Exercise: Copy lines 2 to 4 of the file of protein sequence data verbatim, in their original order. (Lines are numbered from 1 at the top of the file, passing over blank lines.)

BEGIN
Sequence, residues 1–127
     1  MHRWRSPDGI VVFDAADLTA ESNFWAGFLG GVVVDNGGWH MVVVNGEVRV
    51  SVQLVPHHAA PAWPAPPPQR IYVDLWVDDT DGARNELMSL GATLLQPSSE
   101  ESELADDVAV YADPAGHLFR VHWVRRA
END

     1  MHRWRSPDGI VVFDAADLTA ESNFWAGFLG GVVVDNGGWH MVVVNGEVRV
    51  SVQLVPHHAA PAWPAPPPQR IYVDLWVDDT DGARNELMSL GATLLQPSSE
   101  ESELADDVAV YADPAGHLFR VHWVRRA